Tuberculosis

Each year, about 1.8 million people die from tuberculosis (TB), which is a curable disease. Although there are no simple solutions to the challenges TB brings to developing nations, BD Global Health deploys a strategic combination of resources and technologies aimed at making a positive and sustainable impact.

Rapid culture and drug susceptibility testing is more important than ever in the face of increasing multidrug-resistant TB (MDR-TB) and even extensively drug-resistant TB (XDR-TB). The BD TB liquid-culture method, the BD MGIT™ system, provides diagnostic results much sooner than traditional culture methods, which can take as long as 40 to 50 days to yield a result. 

To make high-quality TB diagnosis accessible, especially to HIV-positive patients, BD has an agreement with the Foundation for Innovative New Diagnostics (FIND) to offer access pricing in high-need, low-resource settings. This collaboration established demonstration sites in Africa, Eastern Europe, Brazil and Asia to introduce advanced culture technology at the district hospital level.

In 2014, BD began collaboration with the U.S. Agency for International Development (USAID) Indonesia to support the establishment and thereby strengthen Indonesia's national reference laboratory systems in an ongoing effort to prevent and control infectious disease outbreaks globally. Modeled after the BD-PEPFAR Labs for Life program, the partnership supported Indonesia's National Tuberculosis Program (NTP) with the aim to improve and expand quality-assured laboratory services. In particular, the collaboration emphasized the early detection and confirmation of TB cases, as well as monitoring and treatment services. The partnership ended in December 2016, with the following outcomes:

  • Good laboratory practices for TB culture and drug susceptibility testing (DST) have been introduced at 10 sites across the country, and training has been conducted for its implementation.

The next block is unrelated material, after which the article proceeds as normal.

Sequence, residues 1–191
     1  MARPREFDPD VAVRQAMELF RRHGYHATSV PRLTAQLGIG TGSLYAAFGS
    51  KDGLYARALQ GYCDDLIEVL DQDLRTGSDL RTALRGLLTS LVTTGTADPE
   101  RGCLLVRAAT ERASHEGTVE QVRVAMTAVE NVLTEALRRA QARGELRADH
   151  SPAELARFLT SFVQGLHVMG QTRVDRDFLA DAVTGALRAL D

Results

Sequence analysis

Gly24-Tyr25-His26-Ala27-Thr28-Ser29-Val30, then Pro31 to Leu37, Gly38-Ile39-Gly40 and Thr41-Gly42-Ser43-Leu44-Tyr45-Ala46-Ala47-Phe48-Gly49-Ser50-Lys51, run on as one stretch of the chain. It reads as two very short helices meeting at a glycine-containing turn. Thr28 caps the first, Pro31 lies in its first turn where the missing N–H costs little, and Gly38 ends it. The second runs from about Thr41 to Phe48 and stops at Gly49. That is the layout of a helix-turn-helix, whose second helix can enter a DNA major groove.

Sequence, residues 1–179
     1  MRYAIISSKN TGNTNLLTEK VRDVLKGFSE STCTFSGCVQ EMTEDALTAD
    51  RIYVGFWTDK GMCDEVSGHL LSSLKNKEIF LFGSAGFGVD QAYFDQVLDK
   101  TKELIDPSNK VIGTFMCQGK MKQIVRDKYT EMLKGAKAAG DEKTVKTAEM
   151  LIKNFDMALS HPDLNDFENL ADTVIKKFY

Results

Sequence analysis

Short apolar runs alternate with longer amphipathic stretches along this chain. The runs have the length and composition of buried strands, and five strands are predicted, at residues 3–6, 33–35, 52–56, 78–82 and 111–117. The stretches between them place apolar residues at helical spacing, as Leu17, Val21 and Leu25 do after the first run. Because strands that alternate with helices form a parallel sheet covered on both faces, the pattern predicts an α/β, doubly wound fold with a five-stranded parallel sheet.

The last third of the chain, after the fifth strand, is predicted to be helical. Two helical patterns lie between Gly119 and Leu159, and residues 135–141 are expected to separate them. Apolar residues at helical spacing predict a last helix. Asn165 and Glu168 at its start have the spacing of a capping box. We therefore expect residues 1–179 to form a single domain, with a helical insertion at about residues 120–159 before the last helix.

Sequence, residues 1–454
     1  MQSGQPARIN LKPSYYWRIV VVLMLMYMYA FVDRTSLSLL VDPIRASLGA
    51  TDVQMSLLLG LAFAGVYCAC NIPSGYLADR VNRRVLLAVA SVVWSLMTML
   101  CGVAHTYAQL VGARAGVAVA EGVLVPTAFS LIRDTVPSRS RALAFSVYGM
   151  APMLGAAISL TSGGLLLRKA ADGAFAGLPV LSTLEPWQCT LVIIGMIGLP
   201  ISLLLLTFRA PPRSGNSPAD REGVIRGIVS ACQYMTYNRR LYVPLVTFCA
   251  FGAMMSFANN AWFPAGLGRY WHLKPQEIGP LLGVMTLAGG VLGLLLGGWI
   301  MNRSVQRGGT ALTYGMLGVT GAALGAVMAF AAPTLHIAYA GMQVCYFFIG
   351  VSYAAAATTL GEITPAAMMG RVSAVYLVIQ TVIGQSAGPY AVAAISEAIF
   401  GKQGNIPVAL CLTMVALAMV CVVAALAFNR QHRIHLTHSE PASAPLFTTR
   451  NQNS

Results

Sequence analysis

• BD has helped establish criteria, approach, training and monitoring teams to expand and monitor safe working practice (SWP) and quality assurance for TB labs.
  • Fifty technicians in 10 laboratories have been trained on liquid culture and DST.
  • An equivalent national monitoring program has been established. Now, one laboratory—which is National Reference Laboratory (NRL) Surabaya—is in charge of the National TB External Quality Assurance (EQA) program. Previously, the laboratories in Indonesia had to engage in a certification body outside of the country. Seven laboratories have been certified, and three are involved in an ongoing certification process under the EQA program.
  • A "Train-the-Trainer" program was conducted at NRL Surabaya. The laboratory technicians will be spearheading the succeeding trainings for the TB liquid and culture network laboratories.
  • The rollout of a standardized DST package is slated for the second half of 2017, where second-line-drug TB antibiotics will be included on the test procedure.
  • BD is transferring the responsibility of training to NRL Surabaya laboratory technologists for their TB sustainability.